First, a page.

What is Raspberry Pi?
The Raspberry Pi is a palm sized computer that plugs into your TV with a keyboard and mouse. It’s a capable little PC which can be used for many of the day to day tasks that your home PC would normally do – EXCEPT, it’s the price of a couple of cinema tickets. This little beauty can also play high-definition video!
Where did the idea come from?
The idea behind a computer so cheap and tiny came in 2006, when Eben Upton and his colleagues at the University of Cambridge’s Computer Laboratory became concerned about the year-on-year decline in the numbers and skills levels of the A-level students applying to read Computer Science in each academic year. From a situation in the 1990s where most of the kids applying were coming to interview as experienced hobbyist programmers, the landscape in the 2000s was very different; a typical applicant might only have done a little web design.
- 512MB @ 700MHz
- 2x USB Port
- RCA Video
- 3.5mm Audio
- LAN Input
- Audio Output
What do we think?
At around £25 the Raspberry PI is an excellent buy for many reasons:
- It allows younger users to gain essential programming experience where they wouldn’t usually due to the high chance of “bricking” their more expensive computer systems
- The Raspberry PI has a substantial level of performance and is capable of a HD output upto 1920x 1200 – all on a single board.
- Its extremely cheap!
So that’s our input, what do you think about the Raspberry PI Micro Computer?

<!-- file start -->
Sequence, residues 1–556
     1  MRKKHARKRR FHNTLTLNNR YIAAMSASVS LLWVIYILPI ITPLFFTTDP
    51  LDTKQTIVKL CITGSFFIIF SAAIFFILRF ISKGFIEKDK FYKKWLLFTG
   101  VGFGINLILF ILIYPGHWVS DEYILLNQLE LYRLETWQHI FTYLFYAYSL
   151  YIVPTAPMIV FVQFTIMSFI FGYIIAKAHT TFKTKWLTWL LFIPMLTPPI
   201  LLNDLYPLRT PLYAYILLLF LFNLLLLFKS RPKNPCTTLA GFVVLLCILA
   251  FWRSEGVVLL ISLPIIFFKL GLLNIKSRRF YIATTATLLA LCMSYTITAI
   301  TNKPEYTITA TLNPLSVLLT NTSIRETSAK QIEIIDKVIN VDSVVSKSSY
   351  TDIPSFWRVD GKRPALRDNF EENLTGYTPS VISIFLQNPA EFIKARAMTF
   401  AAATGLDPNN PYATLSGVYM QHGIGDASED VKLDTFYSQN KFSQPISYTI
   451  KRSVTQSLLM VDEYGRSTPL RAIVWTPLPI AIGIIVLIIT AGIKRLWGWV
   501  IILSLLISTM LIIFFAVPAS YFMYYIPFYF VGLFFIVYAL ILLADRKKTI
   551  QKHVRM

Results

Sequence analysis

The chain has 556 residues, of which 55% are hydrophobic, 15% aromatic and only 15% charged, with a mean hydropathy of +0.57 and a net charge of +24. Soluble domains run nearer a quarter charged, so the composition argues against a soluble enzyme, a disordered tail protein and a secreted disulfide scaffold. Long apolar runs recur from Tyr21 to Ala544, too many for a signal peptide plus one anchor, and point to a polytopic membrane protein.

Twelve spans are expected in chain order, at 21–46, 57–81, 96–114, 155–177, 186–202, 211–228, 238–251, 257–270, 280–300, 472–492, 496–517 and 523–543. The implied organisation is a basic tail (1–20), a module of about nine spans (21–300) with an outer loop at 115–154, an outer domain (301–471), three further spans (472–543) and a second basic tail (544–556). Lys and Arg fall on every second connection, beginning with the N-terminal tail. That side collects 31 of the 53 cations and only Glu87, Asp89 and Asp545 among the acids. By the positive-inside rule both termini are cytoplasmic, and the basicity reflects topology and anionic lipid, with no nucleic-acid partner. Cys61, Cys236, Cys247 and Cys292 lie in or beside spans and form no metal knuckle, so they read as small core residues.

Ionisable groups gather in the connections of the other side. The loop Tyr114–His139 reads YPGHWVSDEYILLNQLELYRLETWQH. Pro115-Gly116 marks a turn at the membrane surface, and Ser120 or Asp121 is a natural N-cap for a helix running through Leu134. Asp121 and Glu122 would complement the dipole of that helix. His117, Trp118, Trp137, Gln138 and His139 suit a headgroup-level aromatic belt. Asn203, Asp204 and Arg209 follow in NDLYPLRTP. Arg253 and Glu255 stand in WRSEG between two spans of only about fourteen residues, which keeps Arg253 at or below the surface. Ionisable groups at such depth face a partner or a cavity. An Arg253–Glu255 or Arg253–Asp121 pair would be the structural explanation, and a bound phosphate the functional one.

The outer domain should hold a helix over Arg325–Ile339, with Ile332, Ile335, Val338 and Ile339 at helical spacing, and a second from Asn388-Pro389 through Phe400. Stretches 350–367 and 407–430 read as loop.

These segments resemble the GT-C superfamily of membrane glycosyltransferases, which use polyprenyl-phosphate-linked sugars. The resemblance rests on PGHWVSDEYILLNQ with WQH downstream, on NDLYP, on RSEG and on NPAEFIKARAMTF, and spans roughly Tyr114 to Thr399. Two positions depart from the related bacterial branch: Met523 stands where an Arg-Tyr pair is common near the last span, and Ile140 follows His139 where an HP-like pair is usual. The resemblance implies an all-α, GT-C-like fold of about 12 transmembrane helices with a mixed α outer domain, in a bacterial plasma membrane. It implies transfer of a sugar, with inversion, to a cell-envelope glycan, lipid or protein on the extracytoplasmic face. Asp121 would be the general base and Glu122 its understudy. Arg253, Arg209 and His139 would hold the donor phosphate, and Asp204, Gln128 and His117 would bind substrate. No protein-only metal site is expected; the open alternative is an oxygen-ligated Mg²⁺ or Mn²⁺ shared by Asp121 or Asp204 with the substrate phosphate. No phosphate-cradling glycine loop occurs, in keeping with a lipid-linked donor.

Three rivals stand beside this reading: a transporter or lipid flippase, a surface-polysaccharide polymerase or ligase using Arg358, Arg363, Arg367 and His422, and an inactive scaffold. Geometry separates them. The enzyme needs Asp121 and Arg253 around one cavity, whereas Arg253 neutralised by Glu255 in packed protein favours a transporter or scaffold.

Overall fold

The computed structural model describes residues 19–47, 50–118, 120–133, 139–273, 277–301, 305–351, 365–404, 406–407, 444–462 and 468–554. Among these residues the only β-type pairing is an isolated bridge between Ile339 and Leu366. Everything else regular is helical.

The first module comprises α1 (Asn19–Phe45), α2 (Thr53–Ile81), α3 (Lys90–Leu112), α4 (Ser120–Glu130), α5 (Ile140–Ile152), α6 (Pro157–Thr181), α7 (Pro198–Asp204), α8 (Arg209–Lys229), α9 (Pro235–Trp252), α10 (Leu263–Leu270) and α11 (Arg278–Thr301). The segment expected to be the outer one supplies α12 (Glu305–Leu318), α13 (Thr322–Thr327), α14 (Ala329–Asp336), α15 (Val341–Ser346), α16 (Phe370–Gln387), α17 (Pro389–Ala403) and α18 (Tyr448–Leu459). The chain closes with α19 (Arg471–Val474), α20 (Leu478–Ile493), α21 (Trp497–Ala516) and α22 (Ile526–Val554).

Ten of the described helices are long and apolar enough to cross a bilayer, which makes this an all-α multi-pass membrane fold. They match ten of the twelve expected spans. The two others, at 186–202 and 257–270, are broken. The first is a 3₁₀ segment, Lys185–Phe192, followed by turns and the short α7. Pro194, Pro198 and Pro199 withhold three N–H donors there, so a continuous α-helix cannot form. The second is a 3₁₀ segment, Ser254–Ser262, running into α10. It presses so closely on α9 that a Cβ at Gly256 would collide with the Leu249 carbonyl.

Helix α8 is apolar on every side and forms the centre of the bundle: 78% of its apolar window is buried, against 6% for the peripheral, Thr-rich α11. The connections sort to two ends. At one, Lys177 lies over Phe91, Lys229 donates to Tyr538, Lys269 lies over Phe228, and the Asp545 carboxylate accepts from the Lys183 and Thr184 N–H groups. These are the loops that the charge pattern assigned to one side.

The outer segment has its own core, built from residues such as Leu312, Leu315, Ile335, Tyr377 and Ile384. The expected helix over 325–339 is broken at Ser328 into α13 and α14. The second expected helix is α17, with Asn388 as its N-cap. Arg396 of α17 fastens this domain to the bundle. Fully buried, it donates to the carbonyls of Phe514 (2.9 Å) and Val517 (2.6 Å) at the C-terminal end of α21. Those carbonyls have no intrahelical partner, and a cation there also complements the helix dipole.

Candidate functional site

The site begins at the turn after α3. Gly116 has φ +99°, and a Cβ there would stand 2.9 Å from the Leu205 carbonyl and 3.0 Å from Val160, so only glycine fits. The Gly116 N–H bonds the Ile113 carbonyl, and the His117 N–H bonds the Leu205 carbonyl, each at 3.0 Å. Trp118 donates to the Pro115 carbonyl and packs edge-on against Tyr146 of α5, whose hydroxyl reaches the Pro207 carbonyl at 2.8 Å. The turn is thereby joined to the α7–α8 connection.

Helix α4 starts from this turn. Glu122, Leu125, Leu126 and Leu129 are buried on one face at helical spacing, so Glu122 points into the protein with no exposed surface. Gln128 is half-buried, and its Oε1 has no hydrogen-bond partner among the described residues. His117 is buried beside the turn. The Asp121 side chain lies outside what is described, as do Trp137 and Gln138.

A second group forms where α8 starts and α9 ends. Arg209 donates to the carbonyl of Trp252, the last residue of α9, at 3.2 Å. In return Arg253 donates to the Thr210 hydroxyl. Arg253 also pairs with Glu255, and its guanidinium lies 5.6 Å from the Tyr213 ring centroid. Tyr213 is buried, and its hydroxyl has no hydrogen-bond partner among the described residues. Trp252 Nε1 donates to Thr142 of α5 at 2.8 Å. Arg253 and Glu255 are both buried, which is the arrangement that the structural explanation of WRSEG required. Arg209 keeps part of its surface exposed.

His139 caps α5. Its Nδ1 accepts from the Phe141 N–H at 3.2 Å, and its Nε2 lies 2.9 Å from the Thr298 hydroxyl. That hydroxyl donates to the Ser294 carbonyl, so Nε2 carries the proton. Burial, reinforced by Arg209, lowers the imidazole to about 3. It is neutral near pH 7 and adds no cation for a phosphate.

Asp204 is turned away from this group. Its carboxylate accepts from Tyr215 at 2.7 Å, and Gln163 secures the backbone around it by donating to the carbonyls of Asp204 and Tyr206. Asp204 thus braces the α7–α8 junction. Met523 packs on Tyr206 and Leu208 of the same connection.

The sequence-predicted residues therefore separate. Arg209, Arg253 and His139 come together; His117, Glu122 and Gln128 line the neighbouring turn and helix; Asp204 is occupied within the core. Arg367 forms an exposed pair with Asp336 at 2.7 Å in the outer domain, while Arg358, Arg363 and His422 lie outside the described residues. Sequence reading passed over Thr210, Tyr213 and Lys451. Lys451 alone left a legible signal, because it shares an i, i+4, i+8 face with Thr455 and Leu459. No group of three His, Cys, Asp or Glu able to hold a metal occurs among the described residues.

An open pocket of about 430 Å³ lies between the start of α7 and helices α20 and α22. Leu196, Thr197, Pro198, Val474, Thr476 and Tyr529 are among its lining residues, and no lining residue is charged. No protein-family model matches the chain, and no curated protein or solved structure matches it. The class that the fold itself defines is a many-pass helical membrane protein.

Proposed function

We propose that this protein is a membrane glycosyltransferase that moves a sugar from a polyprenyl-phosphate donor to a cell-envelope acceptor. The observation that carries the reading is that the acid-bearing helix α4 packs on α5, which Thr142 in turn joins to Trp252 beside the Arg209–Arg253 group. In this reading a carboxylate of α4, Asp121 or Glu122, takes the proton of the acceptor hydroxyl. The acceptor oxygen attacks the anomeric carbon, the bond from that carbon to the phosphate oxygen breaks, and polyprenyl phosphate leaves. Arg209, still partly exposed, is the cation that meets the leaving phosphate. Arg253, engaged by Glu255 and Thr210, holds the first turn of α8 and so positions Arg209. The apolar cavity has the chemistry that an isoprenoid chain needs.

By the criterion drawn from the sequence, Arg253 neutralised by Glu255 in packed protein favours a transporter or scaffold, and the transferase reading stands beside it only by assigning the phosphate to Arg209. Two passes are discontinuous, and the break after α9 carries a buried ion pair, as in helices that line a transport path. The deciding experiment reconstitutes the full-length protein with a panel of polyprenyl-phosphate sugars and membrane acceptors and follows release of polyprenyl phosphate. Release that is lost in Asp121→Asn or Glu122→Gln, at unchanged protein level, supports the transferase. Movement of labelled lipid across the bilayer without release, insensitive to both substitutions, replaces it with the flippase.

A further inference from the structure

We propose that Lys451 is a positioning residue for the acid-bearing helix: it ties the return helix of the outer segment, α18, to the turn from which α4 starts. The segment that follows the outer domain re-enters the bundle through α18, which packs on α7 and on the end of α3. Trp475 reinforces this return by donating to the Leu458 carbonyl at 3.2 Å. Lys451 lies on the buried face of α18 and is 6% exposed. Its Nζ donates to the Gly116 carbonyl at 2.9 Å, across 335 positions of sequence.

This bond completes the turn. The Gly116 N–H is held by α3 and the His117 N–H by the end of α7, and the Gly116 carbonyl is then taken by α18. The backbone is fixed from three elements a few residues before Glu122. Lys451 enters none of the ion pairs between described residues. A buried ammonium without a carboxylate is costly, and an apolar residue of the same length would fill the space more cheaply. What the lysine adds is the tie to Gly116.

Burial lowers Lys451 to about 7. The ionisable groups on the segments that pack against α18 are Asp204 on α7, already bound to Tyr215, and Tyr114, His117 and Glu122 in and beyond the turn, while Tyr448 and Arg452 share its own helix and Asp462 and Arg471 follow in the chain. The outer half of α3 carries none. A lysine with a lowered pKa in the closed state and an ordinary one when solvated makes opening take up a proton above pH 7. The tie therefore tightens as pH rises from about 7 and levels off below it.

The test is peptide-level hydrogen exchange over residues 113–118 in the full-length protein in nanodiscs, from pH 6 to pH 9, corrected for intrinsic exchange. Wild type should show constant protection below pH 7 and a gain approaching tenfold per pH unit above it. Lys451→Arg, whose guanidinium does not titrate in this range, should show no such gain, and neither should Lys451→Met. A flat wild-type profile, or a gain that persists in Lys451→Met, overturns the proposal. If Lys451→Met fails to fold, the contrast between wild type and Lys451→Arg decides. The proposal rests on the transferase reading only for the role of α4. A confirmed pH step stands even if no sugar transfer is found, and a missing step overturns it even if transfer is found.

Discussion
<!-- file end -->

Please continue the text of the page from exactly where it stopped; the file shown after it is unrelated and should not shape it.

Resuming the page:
Feel free to leave a reply below
Thanks to the hard work of our friends at Centrastage, we are now pleased to be able to extend our Managed IT Support solution to cover Mac OS X.
Now our clients using Mac OS X can have the same level of reassurance and rapid support that our Windows and Linux users currently enjoy, including 24/7 monitoring, regular maintenance, patch management and remote assistance.
Support for OS X is currently limited to Intel-based Mac’s running OS X version 10.6.1 Snow Leopard or later.
Block lists provide a very useful means of limiting the amount of spam and junk mail passing through your Exchange server and landing in your users mailboxes. Block list providers maintain a list of IP addresses of computers and/or networks from which have been linked to spamming activity, and best of all many of these services are free to use. If your exchange server has been configured to use a block list it will query the list in real time to filter out messages originating from these compromised systems.
Disk space is always an important factor on your server systems, especially the system drive. When the system drive is full, your services crash to a halt and eveything stops working. Disk Cleanup has always been a handy tool that allows you to clear space on your drives and restore your services. However we noticed that on Windows Server 2008 onwards, the Disk Cleanup tool appeared to have vanished! We searched in vain amongst the Disk tools, but it wasn’t there.
We have recently been rolling out the latest version of AVG anti-virus for a couple of clients and everything appeared to go smoothly. The upgrade experience was a good one with the new AVG Business Anti-Virus 2011 installing on the servers and desktops with minimal interaction and no crashes, which is always nice. A couple of days later though we started getting reports from users at both sites complaining about their Exchange email not being delivered to either their iPhones or iPads. Emails were only arriving at the mobile devices once they had been opened in Outlook or Web Access.
So you have your brand new Exchange 2010 server installed, your mailboxes have been migrated and your old server retired. However your users are now complaining about the volume of spam filling up their inboxes and junk-mail folders. Then when you go to set-up your anti-spam settings all you find is a manual allow and block list. What gives?